I grabbed my Iron Girl transition bag and Campy helped me pack as he was super excited - thinking he was going for a trip. Poor little guy :(

Triathlon Olympic check list:
Pre race outfit - socks, old but good Brooks running shoes (launch), hammer jacket
Race day outfit - Asics sport bra, louis garneau bike shorts, CEP calf sleeves (approved by race director to wear in swim)

TYR Torque speed suit
Vanquisher Speedo goggles
Body glide
Swim cap (from packet pick-up)
COOLA spray sunscreen
Garmin 500 -bike computer (restarted to zero the screen)
Garmin 910xt - (will write a review about this - LOVE IT!)
Water bottle - water (pre race)
Water bottle - 1 scoop heed (pre race)
Water bottle - 2 scoops heed (for bike) - mixed on race day morning
Gel flask - 2 gels + water (for run)
Race belt + number (+ safety pins as I always pull my number off the belt when I put it on)
Brooks Launch running shoes
Louis Garneau cycling shoes
Giro aero helmet
Radar Edge Oakley women sunglasses
Extra chip strap + safety pins
Hammer visor
Oakley Women towel (for transition) + extra towel for post-race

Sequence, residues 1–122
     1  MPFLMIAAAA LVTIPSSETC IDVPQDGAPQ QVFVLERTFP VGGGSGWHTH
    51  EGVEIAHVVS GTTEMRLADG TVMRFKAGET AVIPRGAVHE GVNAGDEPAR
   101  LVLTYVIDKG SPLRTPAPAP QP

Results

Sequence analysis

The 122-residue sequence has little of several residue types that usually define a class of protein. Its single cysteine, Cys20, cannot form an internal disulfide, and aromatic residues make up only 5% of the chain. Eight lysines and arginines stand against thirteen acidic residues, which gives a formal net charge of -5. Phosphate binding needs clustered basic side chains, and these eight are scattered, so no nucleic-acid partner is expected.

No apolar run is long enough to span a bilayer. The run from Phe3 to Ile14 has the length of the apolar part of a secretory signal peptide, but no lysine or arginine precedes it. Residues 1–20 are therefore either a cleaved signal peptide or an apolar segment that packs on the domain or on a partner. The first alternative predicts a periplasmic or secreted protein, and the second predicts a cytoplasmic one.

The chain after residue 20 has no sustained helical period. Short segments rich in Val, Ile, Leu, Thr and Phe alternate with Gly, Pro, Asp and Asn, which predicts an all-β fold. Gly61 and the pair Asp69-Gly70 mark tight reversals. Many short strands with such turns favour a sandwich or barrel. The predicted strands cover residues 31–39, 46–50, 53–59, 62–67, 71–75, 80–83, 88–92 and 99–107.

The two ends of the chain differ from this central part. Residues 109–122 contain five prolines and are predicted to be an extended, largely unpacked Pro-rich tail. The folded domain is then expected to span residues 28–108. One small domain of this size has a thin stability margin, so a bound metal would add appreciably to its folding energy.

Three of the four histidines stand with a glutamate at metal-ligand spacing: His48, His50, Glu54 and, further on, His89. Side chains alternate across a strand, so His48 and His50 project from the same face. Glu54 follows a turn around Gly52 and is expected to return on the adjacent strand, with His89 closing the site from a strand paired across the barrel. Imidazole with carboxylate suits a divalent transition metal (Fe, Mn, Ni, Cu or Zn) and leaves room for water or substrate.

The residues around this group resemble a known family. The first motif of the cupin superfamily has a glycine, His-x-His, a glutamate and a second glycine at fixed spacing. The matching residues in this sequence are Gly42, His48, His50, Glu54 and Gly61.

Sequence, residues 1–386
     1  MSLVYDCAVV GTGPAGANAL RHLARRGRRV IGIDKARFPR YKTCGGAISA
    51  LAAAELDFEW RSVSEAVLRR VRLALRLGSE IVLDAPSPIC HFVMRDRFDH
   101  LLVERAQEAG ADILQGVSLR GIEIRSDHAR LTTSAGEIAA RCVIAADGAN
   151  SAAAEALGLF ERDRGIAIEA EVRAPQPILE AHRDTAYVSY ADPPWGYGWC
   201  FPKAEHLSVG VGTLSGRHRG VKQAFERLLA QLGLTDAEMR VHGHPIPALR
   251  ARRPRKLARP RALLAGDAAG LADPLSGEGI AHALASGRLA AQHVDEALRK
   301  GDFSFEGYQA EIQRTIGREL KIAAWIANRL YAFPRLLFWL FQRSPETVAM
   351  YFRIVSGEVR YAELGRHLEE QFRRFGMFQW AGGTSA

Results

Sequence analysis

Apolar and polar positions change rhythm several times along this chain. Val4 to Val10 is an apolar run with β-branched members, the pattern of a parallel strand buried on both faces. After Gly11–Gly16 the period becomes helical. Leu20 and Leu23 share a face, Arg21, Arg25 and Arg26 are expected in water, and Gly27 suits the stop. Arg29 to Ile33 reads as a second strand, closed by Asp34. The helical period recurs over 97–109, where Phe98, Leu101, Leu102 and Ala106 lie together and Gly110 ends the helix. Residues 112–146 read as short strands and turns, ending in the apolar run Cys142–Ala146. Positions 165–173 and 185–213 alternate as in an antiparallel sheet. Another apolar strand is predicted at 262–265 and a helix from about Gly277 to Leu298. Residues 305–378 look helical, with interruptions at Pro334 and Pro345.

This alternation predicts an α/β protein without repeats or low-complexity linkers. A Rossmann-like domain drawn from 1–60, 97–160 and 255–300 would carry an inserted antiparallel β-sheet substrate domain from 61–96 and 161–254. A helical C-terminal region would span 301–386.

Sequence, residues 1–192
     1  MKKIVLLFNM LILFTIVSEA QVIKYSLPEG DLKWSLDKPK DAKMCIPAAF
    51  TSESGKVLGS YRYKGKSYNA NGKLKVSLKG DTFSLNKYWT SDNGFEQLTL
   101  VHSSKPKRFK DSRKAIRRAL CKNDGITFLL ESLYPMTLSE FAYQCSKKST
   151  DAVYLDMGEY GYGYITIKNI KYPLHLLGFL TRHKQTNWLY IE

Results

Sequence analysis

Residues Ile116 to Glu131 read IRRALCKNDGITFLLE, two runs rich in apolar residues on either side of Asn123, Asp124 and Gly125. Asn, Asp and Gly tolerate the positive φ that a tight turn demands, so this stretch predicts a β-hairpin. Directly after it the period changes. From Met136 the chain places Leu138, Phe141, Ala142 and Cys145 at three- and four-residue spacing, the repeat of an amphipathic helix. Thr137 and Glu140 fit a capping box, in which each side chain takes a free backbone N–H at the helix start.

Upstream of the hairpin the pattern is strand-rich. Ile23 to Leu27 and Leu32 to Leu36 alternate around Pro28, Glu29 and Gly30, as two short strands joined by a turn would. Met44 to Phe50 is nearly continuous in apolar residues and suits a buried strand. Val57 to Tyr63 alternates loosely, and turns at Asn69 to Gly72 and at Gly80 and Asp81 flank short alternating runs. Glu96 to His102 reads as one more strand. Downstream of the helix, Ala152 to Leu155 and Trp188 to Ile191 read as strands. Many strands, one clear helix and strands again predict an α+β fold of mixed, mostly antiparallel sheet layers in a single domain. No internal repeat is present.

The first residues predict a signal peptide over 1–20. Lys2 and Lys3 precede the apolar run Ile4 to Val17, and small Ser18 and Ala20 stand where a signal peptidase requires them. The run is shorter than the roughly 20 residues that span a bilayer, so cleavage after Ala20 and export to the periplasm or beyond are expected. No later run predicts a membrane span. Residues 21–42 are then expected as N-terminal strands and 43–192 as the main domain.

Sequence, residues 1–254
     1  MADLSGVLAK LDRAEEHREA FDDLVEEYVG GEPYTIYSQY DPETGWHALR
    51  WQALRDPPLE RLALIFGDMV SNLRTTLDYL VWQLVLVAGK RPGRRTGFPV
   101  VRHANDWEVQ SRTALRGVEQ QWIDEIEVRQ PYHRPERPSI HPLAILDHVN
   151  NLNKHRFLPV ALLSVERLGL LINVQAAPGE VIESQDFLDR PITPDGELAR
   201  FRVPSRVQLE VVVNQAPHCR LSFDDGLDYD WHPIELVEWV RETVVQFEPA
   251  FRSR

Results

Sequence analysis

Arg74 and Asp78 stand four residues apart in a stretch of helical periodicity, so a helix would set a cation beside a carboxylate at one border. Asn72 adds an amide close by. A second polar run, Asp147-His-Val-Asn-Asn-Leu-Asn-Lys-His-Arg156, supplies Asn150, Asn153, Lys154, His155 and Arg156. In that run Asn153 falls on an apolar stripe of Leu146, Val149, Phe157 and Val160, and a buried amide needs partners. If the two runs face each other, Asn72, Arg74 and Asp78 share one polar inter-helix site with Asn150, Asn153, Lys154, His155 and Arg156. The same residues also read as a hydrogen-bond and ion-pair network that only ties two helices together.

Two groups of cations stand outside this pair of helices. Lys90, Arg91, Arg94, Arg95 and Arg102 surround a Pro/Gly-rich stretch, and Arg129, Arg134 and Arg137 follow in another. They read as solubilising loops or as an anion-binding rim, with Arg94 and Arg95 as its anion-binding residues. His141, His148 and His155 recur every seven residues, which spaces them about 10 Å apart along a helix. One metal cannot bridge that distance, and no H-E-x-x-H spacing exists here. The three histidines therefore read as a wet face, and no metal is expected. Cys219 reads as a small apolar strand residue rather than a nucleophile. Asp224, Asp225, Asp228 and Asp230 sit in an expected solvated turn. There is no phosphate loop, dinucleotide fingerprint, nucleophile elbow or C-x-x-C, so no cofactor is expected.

Grocery bags (for wet/dirty post race clothes)

Post race - skirt, tank top (with built-in bra), sandals

Dinner was the typical - same staples for almost every race for the past 6 years:
Sweet potato, rice (or bread), veggies (smaller portion since I had my salad an hour prior), scrambled eggs (2 whites + 1 whole) and cheese.

I like to keep it super simple as I know every time I eat during the day, I am refueling. Since my pre-race warm-up at 6am (1:15 bike + 2 mile run w/ race pace short intervals), I made sure to not let my blood sugar drop and to eat and drink regularly and to honor my hunger.
Karel had a similar dish but I prepard him a bowl of rice and a hearty salad w/ sardines.

Race day morning